She said one day a family was having a picnic close to the coastline. In the following week, the overhead near where they were eating collapsed. For that reason, tours stay away from the cliffs to be safe. Benedict wants visitors to explore as much as possible, but also to realize the park is a changing ecosystem. Visitors should be aware of what’s below their feet and above their heads.

Under rocks, hermit crabs and blue mussels can be found hanging out. Sea creatures that look like earwigs dance on the rock when they see the sun. After peeking at the sea animals, it’s important to gently and safely return them to their homes.

 A little hermit crab didn’t want to come out to play at Burntcoat Head Park. - Eric Wynne
A little hermit crab didn’t want to come out to play at Burntcoat Head Park. - Eric Wynne

 A flatworm isopod gets its mud rock home disturbed as our guide Anita Benedict shows off some of the creatures along the sea floor at Burntcoat Head Park. - Eric Wynne
A flatworm isopod gets its mud rock home disturbed as our guide Anita Benedict shows off some of the creatures along the sea floor at Burntcoat Head Park. - Eric Wynne

Burntcoat Head is home to a threatened species: the Atlantic Mud-piddock. Their shells look like another park resident, false angelwing. Mud-piddocks are less than five centimetres long.

An East Hants town crier, Benedict’s booming voice warns park visitors when they’re in restricted areas where the mud-piddocks are concentrated. The restricted areas are necessary because the slightest pressure can damage the mud-piddocks’ homes. They bury themselves into the ocean floor rocks and stay there for an average of 14 years. The white-shelled creatures are attracted to the warm water in the small tidal pools, making it important to stay out of them to keep their homes intact.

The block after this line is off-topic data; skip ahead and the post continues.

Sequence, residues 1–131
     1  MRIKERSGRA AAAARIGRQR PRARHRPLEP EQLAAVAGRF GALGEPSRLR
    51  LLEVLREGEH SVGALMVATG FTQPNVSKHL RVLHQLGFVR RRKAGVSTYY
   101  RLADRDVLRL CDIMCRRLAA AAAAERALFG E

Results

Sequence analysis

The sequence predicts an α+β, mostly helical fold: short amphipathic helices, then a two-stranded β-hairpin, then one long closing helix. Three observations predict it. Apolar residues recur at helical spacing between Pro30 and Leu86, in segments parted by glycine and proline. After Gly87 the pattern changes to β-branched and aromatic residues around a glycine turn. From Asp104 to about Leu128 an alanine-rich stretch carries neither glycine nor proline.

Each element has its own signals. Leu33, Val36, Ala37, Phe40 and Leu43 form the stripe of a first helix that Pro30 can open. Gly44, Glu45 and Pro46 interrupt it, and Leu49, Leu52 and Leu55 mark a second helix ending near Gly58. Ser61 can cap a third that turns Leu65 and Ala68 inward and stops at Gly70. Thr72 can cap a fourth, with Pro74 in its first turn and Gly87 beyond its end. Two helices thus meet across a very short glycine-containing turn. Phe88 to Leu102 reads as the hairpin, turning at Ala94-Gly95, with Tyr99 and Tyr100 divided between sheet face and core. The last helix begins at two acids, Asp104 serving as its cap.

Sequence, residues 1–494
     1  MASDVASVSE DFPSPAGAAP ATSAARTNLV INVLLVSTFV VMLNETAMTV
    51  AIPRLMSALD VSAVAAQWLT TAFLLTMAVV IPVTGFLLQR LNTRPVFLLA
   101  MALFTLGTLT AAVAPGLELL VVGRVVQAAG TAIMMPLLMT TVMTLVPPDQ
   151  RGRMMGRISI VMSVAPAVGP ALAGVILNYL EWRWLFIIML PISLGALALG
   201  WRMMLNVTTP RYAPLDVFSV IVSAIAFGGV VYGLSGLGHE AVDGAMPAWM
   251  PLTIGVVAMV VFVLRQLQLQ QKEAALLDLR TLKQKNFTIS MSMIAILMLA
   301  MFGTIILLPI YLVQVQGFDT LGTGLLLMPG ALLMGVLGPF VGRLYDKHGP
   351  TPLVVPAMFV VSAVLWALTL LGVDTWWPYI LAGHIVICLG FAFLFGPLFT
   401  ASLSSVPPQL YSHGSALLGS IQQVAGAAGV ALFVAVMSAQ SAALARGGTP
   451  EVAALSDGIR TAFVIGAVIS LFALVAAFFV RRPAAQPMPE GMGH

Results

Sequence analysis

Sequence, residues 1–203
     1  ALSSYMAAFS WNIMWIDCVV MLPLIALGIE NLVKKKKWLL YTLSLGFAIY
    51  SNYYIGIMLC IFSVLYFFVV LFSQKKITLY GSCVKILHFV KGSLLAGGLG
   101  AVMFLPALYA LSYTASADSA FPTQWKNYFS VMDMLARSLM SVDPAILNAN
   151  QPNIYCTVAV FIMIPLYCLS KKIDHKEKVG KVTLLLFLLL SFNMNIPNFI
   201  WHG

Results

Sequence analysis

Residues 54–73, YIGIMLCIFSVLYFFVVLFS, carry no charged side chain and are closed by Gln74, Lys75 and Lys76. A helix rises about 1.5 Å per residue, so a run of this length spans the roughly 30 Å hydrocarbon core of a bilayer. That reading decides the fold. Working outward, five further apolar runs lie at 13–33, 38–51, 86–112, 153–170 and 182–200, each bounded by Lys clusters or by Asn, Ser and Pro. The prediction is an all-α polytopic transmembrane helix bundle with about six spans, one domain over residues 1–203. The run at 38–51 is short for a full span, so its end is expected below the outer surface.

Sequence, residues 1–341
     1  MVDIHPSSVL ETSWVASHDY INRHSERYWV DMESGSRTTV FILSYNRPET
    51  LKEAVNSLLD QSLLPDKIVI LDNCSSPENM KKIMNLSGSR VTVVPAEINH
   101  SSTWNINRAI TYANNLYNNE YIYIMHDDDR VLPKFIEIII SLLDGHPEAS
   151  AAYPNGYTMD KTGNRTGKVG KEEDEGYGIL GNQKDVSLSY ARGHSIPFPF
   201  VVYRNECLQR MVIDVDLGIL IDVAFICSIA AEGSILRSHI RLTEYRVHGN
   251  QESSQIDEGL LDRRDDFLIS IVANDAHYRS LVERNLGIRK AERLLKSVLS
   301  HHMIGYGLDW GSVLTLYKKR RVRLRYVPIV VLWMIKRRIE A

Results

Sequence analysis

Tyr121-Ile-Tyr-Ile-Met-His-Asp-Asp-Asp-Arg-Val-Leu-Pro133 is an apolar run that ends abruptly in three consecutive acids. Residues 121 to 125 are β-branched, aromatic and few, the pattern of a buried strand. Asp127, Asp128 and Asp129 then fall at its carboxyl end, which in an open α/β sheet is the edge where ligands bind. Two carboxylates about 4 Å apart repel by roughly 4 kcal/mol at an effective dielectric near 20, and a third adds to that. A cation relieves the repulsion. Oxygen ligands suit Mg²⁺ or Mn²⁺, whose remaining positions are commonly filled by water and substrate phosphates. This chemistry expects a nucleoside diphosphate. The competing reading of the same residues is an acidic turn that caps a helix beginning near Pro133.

The educational signs and updated tide times greet you as you arrive at Burntcoat Head Park. There are restricted areas where walking along the ocean floor is forbidden.
The educational signs and updated tide times greet you as you arrive at Burntcoat Head Park. There are restricted areas where walking along the ocean floor is forbidden.

Benedict recommends Walton’s Pub when visitors ask where to eat. The pub has the Walton Whopper and claims to have served just under a billion. It's decorated with antique furniture, including an organ. Big food portions are easy to split with a friend.

Visitors to Burntcoat Head can take their experience to the next level by having dinner on the ocean floor. Diners spend six hours on the ocean floor. For $950 per couple, the Flying Apron will treat you to lunch and a three-course dinner. Dining visitors will also explore the coastline between meals during a private tour with park staff. (The experience is sold out for this year.)

Benedict says the park is most popular with seniors but it could suit kids who have a curiosity for the ocean and little creatures. If you go, it’s important to be safe and aware of the tide schedule. Visitors should also bring sunscreen, boots and a sense of adventure.

If you go ... 

Burntcoat Head Park website